I also want to relate to others who have gone through a similar situation with this horrible condition. After I left the hospital, and I experienced horrible anxiety. I felt out of breath even though I wasn’t. I went to the doctor twice and my oxygen levels were fine, but I still felt like I was suffocating. I am going to talk to my doctor about getting some professional help with the emotional side of it, because I know I can’t live a full life walking around terrified of dying all the time. It’s really brought my life to a standstill, and given me a great pause. I know, as time goes by, I will get better and get back to the day to day. I just want to let others know that you are not alone, you are not the only one who feels the way you do, and that we are all lucky to have survived something that we could very well have died from.

No one in my family was ever treated for clots in the past. I was tested during my hospital stay for any genetic traits that may have caused my illness. They all came up negative. It was truly an “out of the blue” experience and I’m thankful every day that I survived.

Take Home Messages

  • DVTs often start out as a pain and swelling in your leg
  • Ask questions when prescribed warfarin or other blood thinners/anticoagulants so you can make sure you understand the instructions for taking the medications
  • Having a blood clot increases your risk of having another one
  • It is important to tell providers that you once had a blood clot when you give your medical history
  • Surviving a blood clot is an emotional experience
  • Surviving a blood clot is a life changing experience
  • Blood clot survivors need to support each other
Author: admin

12 Responses to "Mike Morelli’s Blood Clot Story"

  1. Liz Kuhns Posted on February 20, 2014 at 9:04 pm

    Thanks for sharing your story. I survived an extremely large blood clot and pulmonary embolisms and it does play with your emotions to go through something like that! Instant attitude adjustment right?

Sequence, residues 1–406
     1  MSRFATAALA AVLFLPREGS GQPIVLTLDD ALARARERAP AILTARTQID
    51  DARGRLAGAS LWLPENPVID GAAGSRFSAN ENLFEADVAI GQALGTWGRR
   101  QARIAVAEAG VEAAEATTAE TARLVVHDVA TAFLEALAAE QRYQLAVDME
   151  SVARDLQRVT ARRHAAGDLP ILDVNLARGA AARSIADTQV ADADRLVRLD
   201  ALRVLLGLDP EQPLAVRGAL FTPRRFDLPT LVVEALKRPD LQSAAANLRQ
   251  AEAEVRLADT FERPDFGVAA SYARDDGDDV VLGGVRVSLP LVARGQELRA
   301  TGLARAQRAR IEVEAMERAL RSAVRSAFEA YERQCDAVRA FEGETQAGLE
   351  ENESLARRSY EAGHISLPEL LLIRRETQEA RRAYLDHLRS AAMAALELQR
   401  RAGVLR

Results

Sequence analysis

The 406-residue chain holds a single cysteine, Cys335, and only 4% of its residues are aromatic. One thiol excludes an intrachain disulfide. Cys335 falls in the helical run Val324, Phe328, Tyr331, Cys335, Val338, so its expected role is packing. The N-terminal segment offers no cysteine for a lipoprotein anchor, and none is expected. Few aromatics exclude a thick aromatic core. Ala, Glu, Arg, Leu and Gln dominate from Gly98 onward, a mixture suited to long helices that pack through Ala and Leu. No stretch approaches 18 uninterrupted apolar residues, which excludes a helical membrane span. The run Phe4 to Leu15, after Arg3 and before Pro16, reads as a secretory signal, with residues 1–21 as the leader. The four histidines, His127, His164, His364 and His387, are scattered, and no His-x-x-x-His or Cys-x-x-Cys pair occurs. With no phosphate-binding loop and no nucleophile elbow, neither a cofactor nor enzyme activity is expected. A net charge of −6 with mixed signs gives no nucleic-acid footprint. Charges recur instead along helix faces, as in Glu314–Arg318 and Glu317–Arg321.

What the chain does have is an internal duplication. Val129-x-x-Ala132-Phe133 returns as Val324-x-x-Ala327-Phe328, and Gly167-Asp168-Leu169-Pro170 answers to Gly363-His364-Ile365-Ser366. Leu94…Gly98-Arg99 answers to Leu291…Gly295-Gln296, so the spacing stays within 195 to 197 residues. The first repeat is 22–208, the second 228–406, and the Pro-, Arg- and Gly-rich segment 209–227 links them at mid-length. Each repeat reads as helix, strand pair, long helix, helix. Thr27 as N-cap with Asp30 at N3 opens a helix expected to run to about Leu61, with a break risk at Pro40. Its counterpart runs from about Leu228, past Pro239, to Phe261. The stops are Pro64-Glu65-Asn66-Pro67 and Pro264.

2. Diane Posted on February 20, 2014 at 9:14 pm

    Just out of curiosity…. I share your same story from a year and a half ago….. One dr suggested a hematologist but my internist says it is not necessary. Do you or anyone else out there see one?

    • Claudia Posted on February 24, 2014 at 2:43 pm

      Diane, I see a physician who is an oncologist/hematolgist which makes perfect sense to me. Briefly to save my typing finger (lol). 5 months ago I was minding my own business and suddenly found myself unconscious & in the hospital. It was determined I had a blood clot in my leg. Treatment began with blood thinners and after a week or so I was transferred to convalescent care. Two days later I detected a large swelling (looked like I pasted a grapefruit to my leg) to the left side of my rt knee. It was hot, red & so PAINFUL I wanted to escape. This was in the middle of the night. Of course nothing could be done until morning, if I survived the pain, lol. Meds did not help. Finally an ambulance arrived to transport me back to hospital. As they were transferring me from bed to gurney, my leg (with clot) lightly brushed the bedding…this clot erupted, exploded whatever, but fell out of my leg, hit the floor and exploded upward & outward. The poor paramedic at the end of the gurney was stunned and covered in blood. There was blood on the walls, ceiling, floor, everywhere. All the medical personnel were stunned into silence and I erupted into gales of laughter because of the most unbelievable feeling of relief I have ever felt when that damn thing decided to explode! Needless to say, was rushed to hospital and after all was said and done, this was my reality: 4 DVT’s in rt leg until one decided to dislodge and travel to my rt lung and become a PE. A stent/filter was placed in my vena cava to prevent little visitors traveling. The other two had to be surgically removed. The one that fell out of my leg left a wound that was 6 1/2 inches deep and the entire wound after surgery & debreeding every other day measured over 40″ long. They were not sure I would survive but if I did they weren’t sure what my leg would resemble. They were positive skin grafts were necessary since my tissue was gone to the 4th level. Not only was I trying to survive these nasty things but I was going to be scarred for life. And as if that wasn’t enough, the Drs told me they believed the under lying cause of all my misery was….leukemia. Yup. Leukemia. My brain overloaded. I think it was just a bit much for me. Have seen a oncologist/hematolgist & will see her again in a month and schedule a bone marrow biopsy to try and achieve some decisive answers.Finally got to a point where you say, one day at a time. It will all will out, one way or another. My life is in God’s hands……I’m just a long for the ride, lol….Hang in there, there’s also another unbelievable great site called WhatNext.com. I referr to it as Facebook for Cancer survivors. God bless us all…